Add a gigabit Ethernet port to any room instantly for just $50

Hiring a contractor to add ethernet drops to an existing building can be expensive, and leaving cords on the ground can be unsafe. Here's an alternative.

How 5G will be key to smart city growth and change how we interact with our buildings At MWC Americas 2018, TechRepublic spoke with Mary Clark, CMO, Synchronoss Technologies about the symbiotic relationship between 5G connectivity and the growth of smart cities and smart buildings.

While the ubiquity of Wi-Fi makes wireless communication accessible to billions, the performance of wireline networking is still unmatched. However, there are circumstances in which connecting a device via Ethernet to a router is not feasible, often because of wiring constraints inherent to older buildings. For freelancers and others who work from home and need the reliability of a wireline connection in a home office, Wi-Fi is simply not an adequate substitute.

Hiring a contractor to install an Ethernet drop in the wall is a deceptively involved procedure. Though it seems as if such an operation should be easy -- after all, it is only one cable -- piping that cable through a finished wall is a time consuming, difficult operation. Ripping out sheets of drywall in order to gain better internal access is significantly more labor intensive, and will leave behind a measurable amount of dust when the procedure is complete. Likewise, you could simply leave an Ethernet cable exposed from your router to the computer you wish to connect, though this would likely create a tripping hazard, and the thickness of typical Cat6 cables would likely obstruct the ability to close doors, creating a new order of problem for home offices, where privacy is likely at a premium.

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Fortunately, there is an affordable, no-compromise solution which allows for an Ethernet jack to be added to existing buildings without the need of contractors, exposed cables, or raceway cable protectors. With the use of powerline Ethernet adapters, an Ethernet connection can be transmitted through the existing electrical wiring in your home. While prior versions of this technology were limited to 100 Mbit connections, the HomePlug AV2 standard allows users of gigabit, fiber-optic Internet services such as Google Fiber, Verizon Fios, and AT&T U-verse to fully utilize their network connection.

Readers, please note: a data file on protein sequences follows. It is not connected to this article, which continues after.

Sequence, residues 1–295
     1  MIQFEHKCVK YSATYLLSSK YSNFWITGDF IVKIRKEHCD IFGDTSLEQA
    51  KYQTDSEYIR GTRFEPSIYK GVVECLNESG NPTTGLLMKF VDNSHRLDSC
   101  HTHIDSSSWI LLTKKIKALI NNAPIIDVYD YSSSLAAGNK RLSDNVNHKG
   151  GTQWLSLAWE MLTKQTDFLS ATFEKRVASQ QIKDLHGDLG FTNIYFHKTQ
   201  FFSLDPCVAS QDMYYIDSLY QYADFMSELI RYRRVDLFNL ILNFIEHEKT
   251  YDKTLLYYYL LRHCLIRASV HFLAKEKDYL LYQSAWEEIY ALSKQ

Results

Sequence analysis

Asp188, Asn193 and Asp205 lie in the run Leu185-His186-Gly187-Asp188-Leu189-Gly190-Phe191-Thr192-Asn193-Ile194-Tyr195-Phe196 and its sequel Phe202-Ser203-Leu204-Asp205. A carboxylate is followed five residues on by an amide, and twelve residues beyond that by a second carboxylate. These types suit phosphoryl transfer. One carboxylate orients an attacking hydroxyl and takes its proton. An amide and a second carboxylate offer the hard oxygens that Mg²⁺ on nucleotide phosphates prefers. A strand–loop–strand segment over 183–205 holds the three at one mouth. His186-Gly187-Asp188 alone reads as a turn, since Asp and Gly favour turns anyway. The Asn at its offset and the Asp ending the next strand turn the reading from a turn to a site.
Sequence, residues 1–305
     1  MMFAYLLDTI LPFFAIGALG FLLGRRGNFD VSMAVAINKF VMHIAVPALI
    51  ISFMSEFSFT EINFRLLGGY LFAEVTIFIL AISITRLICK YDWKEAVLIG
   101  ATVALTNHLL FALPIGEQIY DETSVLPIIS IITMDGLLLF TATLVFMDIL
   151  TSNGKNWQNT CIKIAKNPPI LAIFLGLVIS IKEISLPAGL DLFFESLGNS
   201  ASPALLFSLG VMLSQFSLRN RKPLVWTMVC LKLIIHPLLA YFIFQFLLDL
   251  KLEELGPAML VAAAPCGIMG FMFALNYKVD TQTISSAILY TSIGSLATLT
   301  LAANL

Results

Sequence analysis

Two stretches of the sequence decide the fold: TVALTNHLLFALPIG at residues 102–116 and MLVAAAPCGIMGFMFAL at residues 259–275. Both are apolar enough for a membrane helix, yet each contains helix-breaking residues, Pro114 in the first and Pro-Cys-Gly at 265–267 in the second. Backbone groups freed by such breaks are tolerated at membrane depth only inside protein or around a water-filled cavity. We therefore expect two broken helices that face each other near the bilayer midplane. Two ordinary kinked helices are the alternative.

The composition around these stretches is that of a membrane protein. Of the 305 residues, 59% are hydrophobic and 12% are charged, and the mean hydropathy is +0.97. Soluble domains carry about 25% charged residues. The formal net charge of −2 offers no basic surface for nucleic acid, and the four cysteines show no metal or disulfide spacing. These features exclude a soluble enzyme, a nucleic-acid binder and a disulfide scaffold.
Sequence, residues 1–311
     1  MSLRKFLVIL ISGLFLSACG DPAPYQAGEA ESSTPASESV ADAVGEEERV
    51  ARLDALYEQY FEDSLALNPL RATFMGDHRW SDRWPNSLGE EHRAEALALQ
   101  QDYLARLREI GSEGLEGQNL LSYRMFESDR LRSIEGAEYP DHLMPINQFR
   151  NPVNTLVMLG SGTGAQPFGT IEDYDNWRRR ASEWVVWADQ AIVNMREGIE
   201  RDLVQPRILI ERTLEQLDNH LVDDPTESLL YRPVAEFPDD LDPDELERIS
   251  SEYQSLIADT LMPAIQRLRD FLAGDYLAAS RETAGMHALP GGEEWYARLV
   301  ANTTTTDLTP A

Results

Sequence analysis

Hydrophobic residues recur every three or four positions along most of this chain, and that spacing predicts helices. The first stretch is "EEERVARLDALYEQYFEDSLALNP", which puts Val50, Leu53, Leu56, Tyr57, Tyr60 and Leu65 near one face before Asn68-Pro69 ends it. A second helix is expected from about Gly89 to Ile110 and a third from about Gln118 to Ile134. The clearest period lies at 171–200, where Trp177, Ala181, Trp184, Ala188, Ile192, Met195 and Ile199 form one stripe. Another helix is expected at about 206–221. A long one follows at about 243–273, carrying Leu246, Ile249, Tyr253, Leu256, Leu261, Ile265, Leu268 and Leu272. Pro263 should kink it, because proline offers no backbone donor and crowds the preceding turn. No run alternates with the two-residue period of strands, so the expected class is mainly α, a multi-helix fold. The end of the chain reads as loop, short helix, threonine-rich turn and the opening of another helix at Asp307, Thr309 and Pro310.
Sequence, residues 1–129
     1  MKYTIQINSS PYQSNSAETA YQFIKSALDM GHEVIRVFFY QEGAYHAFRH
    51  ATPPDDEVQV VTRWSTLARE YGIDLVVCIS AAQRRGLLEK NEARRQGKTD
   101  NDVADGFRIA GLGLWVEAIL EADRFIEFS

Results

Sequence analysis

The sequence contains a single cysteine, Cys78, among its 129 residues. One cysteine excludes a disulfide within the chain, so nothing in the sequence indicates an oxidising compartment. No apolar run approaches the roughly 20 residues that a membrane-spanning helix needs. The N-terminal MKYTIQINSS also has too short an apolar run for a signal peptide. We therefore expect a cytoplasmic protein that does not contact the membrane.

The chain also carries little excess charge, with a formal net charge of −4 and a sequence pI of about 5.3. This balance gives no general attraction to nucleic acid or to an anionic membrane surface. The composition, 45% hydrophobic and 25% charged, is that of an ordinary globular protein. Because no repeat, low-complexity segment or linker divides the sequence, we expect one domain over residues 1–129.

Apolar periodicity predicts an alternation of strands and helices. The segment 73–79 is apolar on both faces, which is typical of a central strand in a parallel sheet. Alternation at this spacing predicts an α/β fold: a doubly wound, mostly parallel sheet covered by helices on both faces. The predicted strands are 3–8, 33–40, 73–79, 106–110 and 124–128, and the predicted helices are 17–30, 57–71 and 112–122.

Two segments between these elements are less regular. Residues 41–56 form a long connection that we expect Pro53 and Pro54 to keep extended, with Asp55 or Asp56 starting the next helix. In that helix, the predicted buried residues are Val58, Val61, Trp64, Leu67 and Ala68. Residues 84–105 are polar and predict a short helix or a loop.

The TP-Link AV1000 Powerline Ethernet Adapter supports the HomePlug AV2 standard, and has power-saving functions, bringing it from a maximum power consumption of 2.7W to 0.5W when idling. The adapter is plug & play, the only configuration needed for use is to press a single button to pair both ends of the adapter, which has the additional benefit of encrypting data transmitted through the electrical wiring with AES-128. The AV1000, like all HomePlug-compatible adapters, are platform agnostic, making it compatible with Windows, OS X, and Linux computers, as well as any other device which has an Ethernet port, such as Android-powered set-top boxes, game consoles, and smart TVs. The HomePlug AV2 standard also allows for the use of multiple adapters in one house, if needed. The AV1000 is available for $49.99 (USD), and has changeable plugs permitting use in North America, the United Kingdom, and most of the European Union. Of note, because of the electrical filtering properties of surge protectors, powerline ethernet adapters such as the TP-Link AV1000 must be plugged directly into the mains socket. More usage information is available from TP-Link's product page.

The big takeaways for tech leaders:

  • Adding an ethernet jack to a room in an existing structure is prohibitively expensive, and leaving typical ethernet cables exposed is a safety hazard, and would obstruct doors.
  • Powerline ethernet adapters can be used to overcome those difficulties on a budget, providing a compromise-free wireline connection.

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Image: TP-Link